The first time I entered a South American cemetery was with my husband and his grandfather during my first trip to northern Chile. We arrived in Tocopilla on a Saturday night and the next morning I followed them down the street and through the high cemetery gates to the tiny grave of my husband’s sister who had died as a baby more than 40 years earlier. The grandfather limped over to a communal water tap to fill a plastic bucket before we wound our way past walls of niches to a low concrete structure. Like the surrounding tombs, it rose less than a metre from the dry earth, but it had a high, deep headstone with a glass window for displaying ornaments, plastic flowers and toys. And like the rest, it would be washed on Sundays.
The grandfather plucked a rag from his pocket, dipped it into the bucket and began to wipe down the entire tomb, shining the decorative blue ceramic tiles on the headstone and along the edges, murmuring to the child whose personality had never had time to blossom. Nevertheless her favourite toys were well known and her character had grown out of the family’s imagination. “Natalie likes dolls with long blonde hair and stories about princesses.” What little girl doesn’t? She grew older but always stayed the same. My husband picked up another rag and joined his grandfather, bantering and, like any big brother, he paused now and then to tease Natalie who responded with silence.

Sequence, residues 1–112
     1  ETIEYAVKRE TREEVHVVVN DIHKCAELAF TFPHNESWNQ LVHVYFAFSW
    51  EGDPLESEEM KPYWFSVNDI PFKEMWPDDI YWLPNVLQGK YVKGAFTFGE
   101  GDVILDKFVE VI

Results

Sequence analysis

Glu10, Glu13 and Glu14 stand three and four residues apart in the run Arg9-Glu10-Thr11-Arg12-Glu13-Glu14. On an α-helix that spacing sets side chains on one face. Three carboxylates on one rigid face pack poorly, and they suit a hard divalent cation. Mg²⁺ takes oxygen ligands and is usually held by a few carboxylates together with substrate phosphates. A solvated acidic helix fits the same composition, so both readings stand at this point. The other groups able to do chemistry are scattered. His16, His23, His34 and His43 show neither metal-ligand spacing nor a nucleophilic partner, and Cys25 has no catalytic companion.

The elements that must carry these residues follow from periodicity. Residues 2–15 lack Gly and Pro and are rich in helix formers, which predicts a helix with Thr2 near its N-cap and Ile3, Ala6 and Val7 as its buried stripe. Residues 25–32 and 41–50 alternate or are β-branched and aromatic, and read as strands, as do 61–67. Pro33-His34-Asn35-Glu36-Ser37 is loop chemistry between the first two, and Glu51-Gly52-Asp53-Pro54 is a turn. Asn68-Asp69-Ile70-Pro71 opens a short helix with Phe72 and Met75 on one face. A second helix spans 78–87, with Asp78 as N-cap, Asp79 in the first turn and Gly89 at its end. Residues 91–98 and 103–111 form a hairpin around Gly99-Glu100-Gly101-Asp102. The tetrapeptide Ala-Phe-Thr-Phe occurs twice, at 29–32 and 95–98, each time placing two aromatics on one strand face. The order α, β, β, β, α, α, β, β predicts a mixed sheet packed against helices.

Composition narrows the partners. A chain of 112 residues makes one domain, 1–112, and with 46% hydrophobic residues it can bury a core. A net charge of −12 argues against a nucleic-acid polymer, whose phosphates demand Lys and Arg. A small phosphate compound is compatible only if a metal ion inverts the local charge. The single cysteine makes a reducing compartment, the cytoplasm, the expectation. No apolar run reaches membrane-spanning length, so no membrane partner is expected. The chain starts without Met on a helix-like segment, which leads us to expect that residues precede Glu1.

For my Chilean-born husband this was a perfectly normal Sunday morning but for me (more accustomed to things like mowing the lawn or lingering over the Sunday paper) it was an extraordinary experience and an introduction into Chilean cemetery culture. It led to me begging to stop and visit every cemetery we came across. I still can’t get enough. But it’s not just the cemeteries themselves – their beauty and tranquility; it’s the culture, the assertion, “They’re only gone if they’re forgotten” and the tenderness that lives on.